Disassembling your revolver
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  1. #21
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    I guess at one time or another I disassembled most everything that offered a way into the inner workings. Even some of the things that didn't.
    Early molded plastic tools like the $9.99 Black&Decker drills, that seemed to have no way to "get inside and see" come to mind.

    In spite of my teasing post to the O P, I have never had to rely on a smith to put a gun back together for me. I don't hesitate to open one up for cleaning and parts replacement, but I clearly know my limitations,.. and,... I never say never.
    I have however been in a shop more than a few times when one of those "bags or boxes" came in the door.

  2. #22
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    Quote Originally Posted by scstrain View Post
    There are great videos on youtube about how to take the Colt revolvers apart. Let youtube be your friend.
    Just be careful, there's lots of bad advice as well.
    colt03 likes this.
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  3. #23
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    Quote Originally Posted by ttazzman View Post
    barring cell phone pictures.......its good to have another one sitting there to open up if you need to....
    I thought I had OCD, now I realize why I buy 2 of every gun.
    ttazzman likes this.
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  5. #24
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    Fortunately, today we have the Jerry Kuhnhausen Shop Manuals to act as a guide.

    I also caution about Youtube videos on firearms disassembly. There's no way to know if the maker of the video really has any idea of how to do things properly, and I've seen some horrible advice given.
    As you get into guns you'll begin to pick up the ability to spot stupid things in videos.
    Often it's just common sense, like don't wrap a tee shirt around a revolver barrel and use a pair of pliers to try to remove the barrel.
    Abwehr likes this.

  6. #25
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    Quote Originally Posted by LeverActionBill View Post
    I used to help out at a gunshop after school. Usually I was given a box or can full of parts and asked to put it back together.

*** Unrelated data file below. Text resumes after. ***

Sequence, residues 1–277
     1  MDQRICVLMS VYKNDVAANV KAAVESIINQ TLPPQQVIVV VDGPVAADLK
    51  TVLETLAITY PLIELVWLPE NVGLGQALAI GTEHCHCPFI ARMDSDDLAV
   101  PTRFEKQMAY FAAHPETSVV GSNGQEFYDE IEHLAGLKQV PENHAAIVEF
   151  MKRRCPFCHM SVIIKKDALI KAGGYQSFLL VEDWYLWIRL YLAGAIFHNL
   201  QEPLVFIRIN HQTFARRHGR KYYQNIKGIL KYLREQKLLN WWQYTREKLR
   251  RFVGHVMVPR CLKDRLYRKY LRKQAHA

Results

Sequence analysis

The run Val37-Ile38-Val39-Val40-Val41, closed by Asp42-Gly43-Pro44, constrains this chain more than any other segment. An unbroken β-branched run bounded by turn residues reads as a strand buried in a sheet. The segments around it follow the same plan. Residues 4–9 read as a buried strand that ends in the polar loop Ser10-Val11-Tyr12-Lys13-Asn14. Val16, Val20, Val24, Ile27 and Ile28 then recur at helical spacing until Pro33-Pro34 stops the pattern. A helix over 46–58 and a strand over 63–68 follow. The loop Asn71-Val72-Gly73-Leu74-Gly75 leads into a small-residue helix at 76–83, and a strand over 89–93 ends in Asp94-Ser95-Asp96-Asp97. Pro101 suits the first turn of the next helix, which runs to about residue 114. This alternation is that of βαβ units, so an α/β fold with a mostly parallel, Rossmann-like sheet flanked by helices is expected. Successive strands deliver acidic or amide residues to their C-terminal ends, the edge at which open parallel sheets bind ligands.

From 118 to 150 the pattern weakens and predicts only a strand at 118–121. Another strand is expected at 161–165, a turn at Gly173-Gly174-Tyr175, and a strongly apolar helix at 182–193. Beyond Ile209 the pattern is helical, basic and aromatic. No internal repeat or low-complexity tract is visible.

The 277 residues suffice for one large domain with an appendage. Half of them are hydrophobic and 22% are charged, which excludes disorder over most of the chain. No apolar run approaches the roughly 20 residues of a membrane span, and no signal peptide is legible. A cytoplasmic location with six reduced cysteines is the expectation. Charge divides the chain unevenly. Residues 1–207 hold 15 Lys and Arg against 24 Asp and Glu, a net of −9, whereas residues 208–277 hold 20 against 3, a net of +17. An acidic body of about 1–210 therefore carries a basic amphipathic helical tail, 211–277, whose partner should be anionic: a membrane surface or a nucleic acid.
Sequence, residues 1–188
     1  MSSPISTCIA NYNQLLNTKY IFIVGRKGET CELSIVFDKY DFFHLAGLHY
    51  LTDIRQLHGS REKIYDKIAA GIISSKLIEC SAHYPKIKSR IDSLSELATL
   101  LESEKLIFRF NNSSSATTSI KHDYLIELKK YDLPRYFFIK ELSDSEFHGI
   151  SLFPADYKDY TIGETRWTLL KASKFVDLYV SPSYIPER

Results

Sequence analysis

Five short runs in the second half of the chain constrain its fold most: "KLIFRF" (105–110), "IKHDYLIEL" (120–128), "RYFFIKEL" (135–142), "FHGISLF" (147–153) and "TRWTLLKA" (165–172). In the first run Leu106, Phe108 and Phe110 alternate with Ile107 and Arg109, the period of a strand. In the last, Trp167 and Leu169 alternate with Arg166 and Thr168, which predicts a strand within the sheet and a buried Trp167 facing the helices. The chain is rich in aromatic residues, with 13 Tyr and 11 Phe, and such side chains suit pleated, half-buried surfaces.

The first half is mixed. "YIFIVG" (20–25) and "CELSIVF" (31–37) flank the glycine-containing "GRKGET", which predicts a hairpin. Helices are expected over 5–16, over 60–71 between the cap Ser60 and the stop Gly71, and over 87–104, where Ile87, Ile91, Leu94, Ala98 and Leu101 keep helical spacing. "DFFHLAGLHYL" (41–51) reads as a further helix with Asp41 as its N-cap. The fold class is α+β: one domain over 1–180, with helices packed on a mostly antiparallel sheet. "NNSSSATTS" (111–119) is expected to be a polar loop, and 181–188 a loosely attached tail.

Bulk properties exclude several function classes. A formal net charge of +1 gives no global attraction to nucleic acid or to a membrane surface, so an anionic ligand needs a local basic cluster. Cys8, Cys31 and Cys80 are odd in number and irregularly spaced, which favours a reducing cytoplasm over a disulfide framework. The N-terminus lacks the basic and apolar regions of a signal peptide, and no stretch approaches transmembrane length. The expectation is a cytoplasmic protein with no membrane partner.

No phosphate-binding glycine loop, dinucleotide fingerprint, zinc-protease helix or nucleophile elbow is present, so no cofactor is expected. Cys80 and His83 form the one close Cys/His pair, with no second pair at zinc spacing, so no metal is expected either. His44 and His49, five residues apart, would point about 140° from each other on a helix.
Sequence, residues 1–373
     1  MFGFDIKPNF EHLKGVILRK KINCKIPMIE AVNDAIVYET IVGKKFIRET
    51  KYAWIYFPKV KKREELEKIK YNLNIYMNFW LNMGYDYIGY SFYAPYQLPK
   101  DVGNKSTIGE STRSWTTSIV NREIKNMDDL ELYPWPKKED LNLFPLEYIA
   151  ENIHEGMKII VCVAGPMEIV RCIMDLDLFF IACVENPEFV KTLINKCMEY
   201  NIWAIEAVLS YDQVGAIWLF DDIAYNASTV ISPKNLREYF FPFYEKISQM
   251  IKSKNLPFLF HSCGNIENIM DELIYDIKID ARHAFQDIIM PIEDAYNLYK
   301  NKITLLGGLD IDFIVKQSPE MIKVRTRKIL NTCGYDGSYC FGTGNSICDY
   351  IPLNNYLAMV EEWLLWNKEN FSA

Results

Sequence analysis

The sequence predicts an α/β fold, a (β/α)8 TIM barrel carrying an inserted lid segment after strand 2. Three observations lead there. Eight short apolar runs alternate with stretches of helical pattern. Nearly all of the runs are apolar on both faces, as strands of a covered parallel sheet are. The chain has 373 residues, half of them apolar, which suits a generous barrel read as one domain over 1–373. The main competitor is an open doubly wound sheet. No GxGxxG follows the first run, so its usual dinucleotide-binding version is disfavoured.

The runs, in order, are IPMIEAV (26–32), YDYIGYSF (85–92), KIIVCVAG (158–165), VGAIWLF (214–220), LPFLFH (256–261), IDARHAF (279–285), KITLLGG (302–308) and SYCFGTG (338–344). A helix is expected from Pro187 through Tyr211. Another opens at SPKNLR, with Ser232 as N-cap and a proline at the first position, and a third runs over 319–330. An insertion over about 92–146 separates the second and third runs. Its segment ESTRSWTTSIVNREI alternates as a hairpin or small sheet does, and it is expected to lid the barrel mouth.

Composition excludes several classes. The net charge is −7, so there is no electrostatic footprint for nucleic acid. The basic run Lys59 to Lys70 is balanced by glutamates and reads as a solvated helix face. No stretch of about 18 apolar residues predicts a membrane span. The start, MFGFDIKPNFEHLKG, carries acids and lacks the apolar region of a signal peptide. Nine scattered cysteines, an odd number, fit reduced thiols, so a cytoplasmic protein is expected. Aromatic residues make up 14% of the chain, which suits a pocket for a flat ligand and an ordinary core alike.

Will never forget a S&W 357. I couldn't find where a spring and frame screw were supposed to go.
    We didn't have manuals - some times it was a fun game.
    After 2 days of my alloyed time the owner asked how I was coming along.
    Honestly I said, I'm stuck - got a spring and screw and no where to put them.
    He said Oh gimme those they're for the Browning shotgun I'm working on.
    You would have been justified in hitting him over the head with the Browning shotgun!
    arjay likes this.

  7. #26
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    I too advise you to be careful with the you tube videos. The advice given can be down right dangerous

  8. #27
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    My wife and her brothers were cleaning out their Dad's house after he passed and found an Iver Johnson .32 top break in the back of a dresser drawer. There was also a small cloth drawstring bag with 25-30 rounds of ammo. Nobody could remember seeing it before or hearing anything about it. They gave it to me to clean up and remove no-telling how many years of dust and sock fuzz. I ended up having to use the "brown paper bag trick" and take it to a local gun shop to put it back together. Was only in that shop twice...drop off and pick up a few days later.

    I never was a "car guy" in high school but had friends who were. As usual, they were always working on something. It was kind of fun to slip an extra spring in their pile of parts when they were rebuilding their 4-barrel carburetors.
    arjay and ponyup like this.
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  9. #28
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    Thanks all, I now know what I NEED to HEED about opening a wheel gun.
    Do Not Open. Gunsmiths are far too busy these days to rescue my dumb ass.


 
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